He also said that there would be transparent and fair trials for the gunmen.

Then the president put a positive spin on the events in his speech, saying: “The time has come to draw conclusions. A full analysis of the events will take a long time.” He promised that a government of “national accord” would be formed.

One could ask justifiably why the government let things get to such a point that the people were jolted.

Finally, he addressed the Karabagh issue, which was one of the hot topics of the recent crisis. Rumors had made the rounds that the government was already committed to making unilateral territorial concessions. “There will not be unilateral concessions in the resolution of Nagorno Karabagh issue. Never. Nagorno Karabagh will never be part of Azerbaijan. Never. I repeat once again. It is out of the question.”

No matter what the president says, society is extremely polarized in Armenia. There is intense hatred, disrespect and lack of confidence toward the government. It is a monumental challenge to narrow the chasm.

The crisis was also observed by the outside world. Western news media almost never characterized the gunmen as terrorists; they were either “militants” or “freedom fighters.” They were “terrorists” however in Russian media.

Azeris were witnessing gleefully right across the border the sight of Armenians tearing each other apart.

Russia has a serious stake in Armenia’s peaceful existence. Moscow is as insensitive toward the plight of its only strategic ally in the region, as the Yerevan government is insensitive toward the needs of its own people. When there is rampant poverty and instability in a country where the only Russian military base is hosted, it seems that Moscow should have had some input in the resolution of the problems. But instead, Russia has taken over the economic infrastructures of the country and it treats it in a cavalier manner. Armenia was worried that Turkey, Azerbaijan and Georgia are colluding to isolate it in the regional development projects. Lo and behold, Paul Goble, in a recent article revealed that Russia also is in the same mode by signing a development agreement for a project of rail system with Iran, India and Azerbaijan, bypassing Armenia.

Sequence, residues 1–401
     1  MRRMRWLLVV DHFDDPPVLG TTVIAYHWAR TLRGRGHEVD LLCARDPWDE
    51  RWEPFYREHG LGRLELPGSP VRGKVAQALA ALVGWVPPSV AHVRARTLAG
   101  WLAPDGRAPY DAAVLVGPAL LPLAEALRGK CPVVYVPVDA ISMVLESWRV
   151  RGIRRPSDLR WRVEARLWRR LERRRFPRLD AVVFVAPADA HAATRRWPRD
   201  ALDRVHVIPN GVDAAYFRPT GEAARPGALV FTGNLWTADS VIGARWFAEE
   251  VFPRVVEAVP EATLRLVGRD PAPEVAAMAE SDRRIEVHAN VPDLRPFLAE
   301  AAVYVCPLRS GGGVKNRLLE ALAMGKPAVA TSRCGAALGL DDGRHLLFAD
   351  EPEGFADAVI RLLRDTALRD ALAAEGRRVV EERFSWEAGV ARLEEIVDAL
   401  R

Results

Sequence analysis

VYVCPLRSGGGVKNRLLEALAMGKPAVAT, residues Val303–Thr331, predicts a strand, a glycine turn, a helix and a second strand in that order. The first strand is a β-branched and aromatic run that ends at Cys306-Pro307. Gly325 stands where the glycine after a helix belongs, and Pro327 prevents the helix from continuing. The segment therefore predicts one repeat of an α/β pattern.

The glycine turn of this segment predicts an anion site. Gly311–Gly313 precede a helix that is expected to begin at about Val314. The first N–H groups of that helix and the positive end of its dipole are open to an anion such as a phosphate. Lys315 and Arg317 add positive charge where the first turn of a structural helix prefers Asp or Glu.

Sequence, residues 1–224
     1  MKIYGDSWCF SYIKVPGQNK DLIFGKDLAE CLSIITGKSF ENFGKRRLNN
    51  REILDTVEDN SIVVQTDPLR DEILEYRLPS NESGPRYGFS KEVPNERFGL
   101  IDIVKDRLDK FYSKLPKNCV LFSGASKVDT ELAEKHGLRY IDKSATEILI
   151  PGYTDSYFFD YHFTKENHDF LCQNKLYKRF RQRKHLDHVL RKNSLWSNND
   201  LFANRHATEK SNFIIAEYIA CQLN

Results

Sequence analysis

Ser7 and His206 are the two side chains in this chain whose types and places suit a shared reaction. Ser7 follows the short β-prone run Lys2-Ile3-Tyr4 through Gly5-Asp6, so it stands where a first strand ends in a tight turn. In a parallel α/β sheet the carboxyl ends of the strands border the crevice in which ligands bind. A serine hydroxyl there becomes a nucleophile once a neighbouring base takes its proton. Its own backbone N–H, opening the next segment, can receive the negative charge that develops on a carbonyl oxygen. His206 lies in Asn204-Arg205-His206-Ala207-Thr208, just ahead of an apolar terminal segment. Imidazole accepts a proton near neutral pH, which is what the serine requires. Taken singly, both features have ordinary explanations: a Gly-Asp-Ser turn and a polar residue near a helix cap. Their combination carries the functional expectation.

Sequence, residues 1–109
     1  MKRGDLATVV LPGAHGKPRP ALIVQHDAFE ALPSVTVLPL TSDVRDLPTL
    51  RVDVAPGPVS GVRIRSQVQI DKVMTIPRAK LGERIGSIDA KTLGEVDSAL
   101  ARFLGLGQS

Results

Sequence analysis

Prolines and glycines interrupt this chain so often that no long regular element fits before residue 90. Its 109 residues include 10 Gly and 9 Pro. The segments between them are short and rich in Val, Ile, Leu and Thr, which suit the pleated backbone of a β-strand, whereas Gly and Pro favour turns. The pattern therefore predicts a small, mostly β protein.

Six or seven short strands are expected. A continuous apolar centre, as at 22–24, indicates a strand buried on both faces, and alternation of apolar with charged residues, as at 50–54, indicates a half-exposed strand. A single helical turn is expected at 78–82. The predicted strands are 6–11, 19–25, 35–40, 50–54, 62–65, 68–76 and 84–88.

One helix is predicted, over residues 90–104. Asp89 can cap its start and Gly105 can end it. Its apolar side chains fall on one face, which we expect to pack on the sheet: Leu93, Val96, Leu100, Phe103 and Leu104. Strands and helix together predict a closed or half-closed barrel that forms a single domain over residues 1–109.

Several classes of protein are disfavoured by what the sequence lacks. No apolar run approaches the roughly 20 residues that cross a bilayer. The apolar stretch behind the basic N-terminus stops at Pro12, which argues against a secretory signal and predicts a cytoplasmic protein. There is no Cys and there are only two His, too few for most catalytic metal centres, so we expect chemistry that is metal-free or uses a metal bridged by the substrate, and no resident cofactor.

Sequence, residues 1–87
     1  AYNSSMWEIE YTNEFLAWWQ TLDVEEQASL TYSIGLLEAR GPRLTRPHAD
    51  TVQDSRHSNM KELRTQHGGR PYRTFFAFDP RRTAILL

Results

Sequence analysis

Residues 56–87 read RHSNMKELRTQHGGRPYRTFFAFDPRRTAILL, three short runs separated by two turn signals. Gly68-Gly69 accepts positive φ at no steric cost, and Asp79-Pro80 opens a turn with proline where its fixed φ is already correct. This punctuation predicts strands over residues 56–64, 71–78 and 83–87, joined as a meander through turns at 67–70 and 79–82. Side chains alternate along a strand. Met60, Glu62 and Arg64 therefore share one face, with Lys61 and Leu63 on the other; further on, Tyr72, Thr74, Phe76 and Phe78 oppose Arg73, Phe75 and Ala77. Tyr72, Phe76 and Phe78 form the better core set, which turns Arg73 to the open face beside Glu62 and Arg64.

Diaspora Armenians were fragmented in their reactions to the events evolving in Armenia. Recent refugees from Armenia held rallies in Los Angeles, Paris, Madrid and elsewhere, resolutely condemning the government. The traditional diaspora was divided: one segment was completely indifferent, another active segment advocated a more circumspect approach; while fully appreciative of the underlying causes of the violent action, caution was advised in view of the war with Azerbaijan.

There is no question that the events and the perpetrators need to be addressed properly. However, the gunmen demonstrated as much concern regarding human life as the government. It would not be fair to call them terrorists, as they tried to stem violence after the initial armed takeover of the station. In a typically Armenian show of camaraderie, the men released a police officer they had taken hostage, who had been due to get married the following day so that he would not miss his big day.

Second, these actions, no matter how unjustified, were driven by patriotic motives and the stagnant situation created in Armenia.

And third, any verdict, ignoring the above considerations, will trigger a popular backlash, as was demonstrated during recent events.

They say the other side of the coin for the Chinese word for crisis is opportunity.

Therefore, if the current crisis leads to a new opportunity and all concerned use that opportunity prudently, maybe something positive will emerge and benefit Armenia.